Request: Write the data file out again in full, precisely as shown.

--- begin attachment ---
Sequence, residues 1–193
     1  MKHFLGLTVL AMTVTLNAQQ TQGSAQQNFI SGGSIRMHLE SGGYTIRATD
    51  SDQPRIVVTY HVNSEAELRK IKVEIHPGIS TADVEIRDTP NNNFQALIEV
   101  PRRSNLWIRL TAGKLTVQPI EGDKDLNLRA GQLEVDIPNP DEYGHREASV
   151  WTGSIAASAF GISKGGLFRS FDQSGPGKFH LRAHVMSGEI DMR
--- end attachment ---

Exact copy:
Sequence, residues 1–193
     1  MKHFLGLTVL AMTVTLNAQQ TQGSAQQNFI SGGSIRMHLE SGGYTIRATD
    51  SDQPRIVVTY HVNSEAELRK IKVEIHPGIS TADVEIRDTP NNNFQALIEV
   101  PRRSNLWIRL TAGKLTVQPI EGDKDLNLRA GQLEVDIPNP DEYGHREASV
   151  WTGSIAASAF GISKGGLFRS FDQSGPGKFH LRAHVMSGEI DMR